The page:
EdenHill Begins Expansion Project at Texas Senior Living Complex
Not-for-profit senior living organization EdenHill recently broke ground on what will be a four-story, 103-unit CCRC located on its New Braunfels, Tex. senior living complex. The Pinnacle at EdenHill is almost 80% presold, according to the organization, and the expansion project is expected to take two years and cost $42 million.
Tarantino Co. Proposes $38 Million Health Care Complex in Milwaukee, Wisc.
Developer Tarantino Co. has proposed a $38 million corporate headquarters and healthcare complex on the site of a former factory in Milwaukee, Wisc., reports the Journal Sentinel. The development includes four buildings with a total of 200,000 square feet, and the proposal includes a nursing home, community-based residential care center, and an assisted living center. A rendering of the project indicates Community Care, Inc., a local nonprofit healthcare provider, will be the development’s tenant. The buildings would be partially financed through federal New Markets Tax Credits,and a city affiliate would $20 million of tax credits to generate about $4.5 million through sale to investors, reports the Journal Sentinel.
Bronzeville Associates Propose $18.2 Million Project to Rehab Senior Housing Units
Bronzeville Associates Senior Apartments LP will undertake an $18.2 million project to rehabilitate 97 units of senior housing in Chicago, Ill. The city’s mayor, Rahm Emanuel, introduced a proposal to the City Council for Chicago to provide up to $10 million in Housing Revenue Bonds, and up to $2.7 million in TIF assistance for the project, which would include new plumbing, mechanical systems, HVAC systems, and upgrades to kitchens and bathrooms. Other rehab work includes a new roof, windows, building entrances, and repair of parking surfaces. Chicago will provide additional support in the form of $603,461 in Low Income Housing Tax Credits that will generate approximately $5.5 million in equity for the project.
Lumberton, N.C. to Build $9.5 Million Senior Housing Project with HUD Funding
The Department of Housing and Urban Development is funding a senior housing project in Lumberton, N.C. The 48-unit, gated development, Azalea Gardens, will be built on about 3.5 acres of property and will be “mixed financial senior housing,” reports the Hattiesburg American. It will feature 25 senior units and 23 public housing units, and has an estimated cost of $9,545,386. Mississippi Regional Housing Authority VIII will oversee the project, and the HUD funding is expected to be made available in the next couple of weeks.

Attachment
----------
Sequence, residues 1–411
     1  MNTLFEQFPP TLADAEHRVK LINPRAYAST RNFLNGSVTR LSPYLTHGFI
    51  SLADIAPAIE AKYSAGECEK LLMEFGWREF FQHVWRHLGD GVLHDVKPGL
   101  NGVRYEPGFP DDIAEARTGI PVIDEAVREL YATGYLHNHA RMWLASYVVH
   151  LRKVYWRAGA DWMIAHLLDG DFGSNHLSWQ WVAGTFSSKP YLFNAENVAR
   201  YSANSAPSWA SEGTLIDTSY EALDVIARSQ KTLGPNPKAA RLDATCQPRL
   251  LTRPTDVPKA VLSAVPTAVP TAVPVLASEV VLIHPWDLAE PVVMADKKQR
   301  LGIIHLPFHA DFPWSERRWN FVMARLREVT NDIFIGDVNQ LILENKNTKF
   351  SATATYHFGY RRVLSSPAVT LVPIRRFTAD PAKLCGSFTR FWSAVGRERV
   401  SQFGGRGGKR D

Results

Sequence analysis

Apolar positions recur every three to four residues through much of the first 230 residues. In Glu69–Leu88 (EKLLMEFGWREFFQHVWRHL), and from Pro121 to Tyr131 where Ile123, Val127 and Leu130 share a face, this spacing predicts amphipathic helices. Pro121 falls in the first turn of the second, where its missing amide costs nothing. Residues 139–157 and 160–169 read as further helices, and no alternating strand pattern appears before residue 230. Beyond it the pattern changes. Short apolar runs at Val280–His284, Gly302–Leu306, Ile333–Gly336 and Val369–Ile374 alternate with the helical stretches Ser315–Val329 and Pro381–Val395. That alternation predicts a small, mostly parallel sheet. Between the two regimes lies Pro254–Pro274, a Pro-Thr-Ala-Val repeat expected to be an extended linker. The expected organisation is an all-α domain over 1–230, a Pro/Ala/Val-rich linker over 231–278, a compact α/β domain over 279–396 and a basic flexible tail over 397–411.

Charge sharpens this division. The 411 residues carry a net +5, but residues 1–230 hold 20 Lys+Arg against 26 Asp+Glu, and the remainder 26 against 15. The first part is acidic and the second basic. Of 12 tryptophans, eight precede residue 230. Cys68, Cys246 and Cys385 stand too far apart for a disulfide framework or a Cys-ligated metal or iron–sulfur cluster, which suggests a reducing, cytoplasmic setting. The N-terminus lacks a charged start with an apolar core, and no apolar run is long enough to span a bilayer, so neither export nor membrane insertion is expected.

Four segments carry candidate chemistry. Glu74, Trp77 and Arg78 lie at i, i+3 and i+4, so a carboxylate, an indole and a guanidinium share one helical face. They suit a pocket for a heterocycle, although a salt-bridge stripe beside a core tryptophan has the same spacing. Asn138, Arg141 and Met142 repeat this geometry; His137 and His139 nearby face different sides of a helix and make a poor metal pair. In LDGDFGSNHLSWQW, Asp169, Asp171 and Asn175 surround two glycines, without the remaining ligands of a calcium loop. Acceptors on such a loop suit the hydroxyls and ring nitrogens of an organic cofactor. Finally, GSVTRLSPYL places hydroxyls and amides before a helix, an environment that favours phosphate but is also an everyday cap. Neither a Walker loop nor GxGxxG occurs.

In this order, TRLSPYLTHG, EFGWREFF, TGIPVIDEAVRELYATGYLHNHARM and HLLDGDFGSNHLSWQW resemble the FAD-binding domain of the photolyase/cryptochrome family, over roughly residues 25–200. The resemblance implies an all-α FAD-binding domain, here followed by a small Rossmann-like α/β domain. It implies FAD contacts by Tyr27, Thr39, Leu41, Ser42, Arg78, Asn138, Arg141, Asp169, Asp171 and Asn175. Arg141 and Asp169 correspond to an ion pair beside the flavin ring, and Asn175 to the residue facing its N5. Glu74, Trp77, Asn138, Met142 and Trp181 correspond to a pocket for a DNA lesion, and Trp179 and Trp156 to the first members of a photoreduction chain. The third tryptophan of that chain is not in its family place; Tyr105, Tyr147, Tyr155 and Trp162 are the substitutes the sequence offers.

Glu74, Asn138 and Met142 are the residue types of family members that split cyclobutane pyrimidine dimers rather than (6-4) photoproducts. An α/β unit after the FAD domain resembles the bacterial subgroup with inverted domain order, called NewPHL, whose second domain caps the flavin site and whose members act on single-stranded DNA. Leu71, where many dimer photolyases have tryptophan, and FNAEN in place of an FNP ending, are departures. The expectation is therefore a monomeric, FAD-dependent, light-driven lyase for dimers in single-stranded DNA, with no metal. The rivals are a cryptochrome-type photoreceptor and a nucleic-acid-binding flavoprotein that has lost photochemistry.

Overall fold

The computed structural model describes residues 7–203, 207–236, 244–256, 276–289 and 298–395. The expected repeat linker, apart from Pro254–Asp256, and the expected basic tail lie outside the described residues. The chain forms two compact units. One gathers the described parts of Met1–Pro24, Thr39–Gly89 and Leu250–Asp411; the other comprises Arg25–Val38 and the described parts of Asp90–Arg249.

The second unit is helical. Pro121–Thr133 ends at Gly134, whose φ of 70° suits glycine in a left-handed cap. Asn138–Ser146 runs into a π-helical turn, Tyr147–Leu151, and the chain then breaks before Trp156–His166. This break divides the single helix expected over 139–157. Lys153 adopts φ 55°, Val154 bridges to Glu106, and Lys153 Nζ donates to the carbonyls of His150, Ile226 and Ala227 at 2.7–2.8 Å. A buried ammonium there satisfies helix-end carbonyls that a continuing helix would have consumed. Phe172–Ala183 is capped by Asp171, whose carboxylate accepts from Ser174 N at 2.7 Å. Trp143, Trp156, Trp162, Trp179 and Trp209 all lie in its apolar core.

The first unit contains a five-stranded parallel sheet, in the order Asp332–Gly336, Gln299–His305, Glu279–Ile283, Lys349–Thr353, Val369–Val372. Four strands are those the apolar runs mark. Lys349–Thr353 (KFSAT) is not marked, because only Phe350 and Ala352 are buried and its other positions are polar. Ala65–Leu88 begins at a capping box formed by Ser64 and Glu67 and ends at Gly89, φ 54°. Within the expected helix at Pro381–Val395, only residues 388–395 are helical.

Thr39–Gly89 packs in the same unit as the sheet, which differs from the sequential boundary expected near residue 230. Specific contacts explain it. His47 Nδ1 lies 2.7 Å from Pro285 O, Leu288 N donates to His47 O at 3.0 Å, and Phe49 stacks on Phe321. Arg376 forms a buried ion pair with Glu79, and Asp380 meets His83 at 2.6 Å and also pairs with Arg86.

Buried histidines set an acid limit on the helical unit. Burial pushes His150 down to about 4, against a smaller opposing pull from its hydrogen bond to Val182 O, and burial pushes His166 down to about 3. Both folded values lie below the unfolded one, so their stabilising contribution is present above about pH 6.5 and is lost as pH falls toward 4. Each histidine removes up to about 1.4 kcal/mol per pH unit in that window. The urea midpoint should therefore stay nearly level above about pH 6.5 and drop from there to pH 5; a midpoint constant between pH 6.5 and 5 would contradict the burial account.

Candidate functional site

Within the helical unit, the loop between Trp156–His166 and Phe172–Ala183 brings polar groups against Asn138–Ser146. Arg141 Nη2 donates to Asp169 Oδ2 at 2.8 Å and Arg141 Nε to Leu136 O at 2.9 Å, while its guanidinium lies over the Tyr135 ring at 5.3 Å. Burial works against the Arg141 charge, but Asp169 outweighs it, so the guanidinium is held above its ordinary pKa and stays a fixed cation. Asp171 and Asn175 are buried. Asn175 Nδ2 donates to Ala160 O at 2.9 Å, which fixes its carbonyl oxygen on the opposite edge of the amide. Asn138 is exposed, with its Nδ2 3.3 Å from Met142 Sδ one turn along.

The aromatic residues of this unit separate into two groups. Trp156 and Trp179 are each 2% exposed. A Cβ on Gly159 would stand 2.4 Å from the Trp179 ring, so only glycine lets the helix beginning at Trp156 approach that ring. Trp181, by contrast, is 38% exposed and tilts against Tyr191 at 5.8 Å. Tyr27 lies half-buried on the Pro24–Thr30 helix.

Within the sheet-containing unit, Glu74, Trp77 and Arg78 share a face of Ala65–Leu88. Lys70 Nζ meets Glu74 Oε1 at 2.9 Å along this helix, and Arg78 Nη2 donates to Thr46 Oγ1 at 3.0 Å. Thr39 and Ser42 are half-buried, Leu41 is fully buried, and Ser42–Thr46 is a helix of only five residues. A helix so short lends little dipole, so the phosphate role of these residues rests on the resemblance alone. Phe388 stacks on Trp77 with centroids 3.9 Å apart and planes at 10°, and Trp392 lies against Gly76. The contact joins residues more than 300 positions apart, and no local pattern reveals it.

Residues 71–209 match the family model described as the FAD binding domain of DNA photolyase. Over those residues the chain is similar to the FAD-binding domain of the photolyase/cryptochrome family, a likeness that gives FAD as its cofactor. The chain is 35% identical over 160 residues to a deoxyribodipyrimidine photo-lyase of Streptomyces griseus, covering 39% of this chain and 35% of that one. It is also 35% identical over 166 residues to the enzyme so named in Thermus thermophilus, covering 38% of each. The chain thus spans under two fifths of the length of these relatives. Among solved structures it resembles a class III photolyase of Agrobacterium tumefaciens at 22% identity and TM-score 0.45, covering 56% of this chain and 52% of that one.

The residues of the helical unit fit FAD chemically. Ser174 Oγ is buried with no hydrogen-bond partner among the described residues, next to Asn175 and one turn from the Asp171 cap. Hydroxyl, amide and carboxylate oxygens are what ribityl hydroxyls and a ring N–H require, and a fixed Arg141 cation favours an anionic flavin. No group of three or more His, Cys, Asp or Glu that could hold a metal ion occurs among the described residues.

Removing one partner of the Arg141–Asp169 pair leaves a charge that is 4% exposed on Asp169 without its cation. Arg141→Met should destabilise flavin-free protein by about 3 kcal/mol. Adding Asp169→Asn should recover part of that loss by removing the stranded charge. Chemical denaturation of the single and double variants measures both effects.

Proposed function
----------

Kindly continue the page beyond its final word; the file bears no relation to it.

Morningside Management of Virginia, BROM Builders of Norwich Approved to Build Senior Living Center
Plans for a 245-unit assisted living complex have been approved by the Stonington Planning and Zoning Commission, allowing Morningside Management of Virgin and BROM Builders of Norwich to move forward with their senior living project. The plan is to build Mystic Preserve Senior Living on 18 acres of Coogan Farm, which will feature dementia, assisted living, and independent living apartments that will range from a 402-square-foot studio to a 1,222-square-foot two-bedroom apartment, according to The Westerly Sun.
Michigan Nursing Care Facility Reopens After $5 Million Renovation
Ciena Healthcare, a senior care services provider, reopened its skilled nursing center in February after a $5 million expansion and renovation project, reports AnnArbor.com.
The Regency at Bluffs Parks, located in Ann Arbor, Mich., had been closed since Fall 2008. The facility now has a second floor and a new wing, and it’s been shifted from a long-term care facility to a short-term rehabilitation center. The renovation reflects changing trends of patients in need of short-term stays on their way from the hospital back to their homes, according to Ciena Healthcare’s CEO.
The building was expanded to 37,169 square feet—more than 60% bigger than the original facility. It has 33 private rooms and 19 doubles. The Regency at Bluffs Parks only has a few residents so far, but its administrator told AnnArbor.com he expects it will be at fully capacity by late summer or early fall.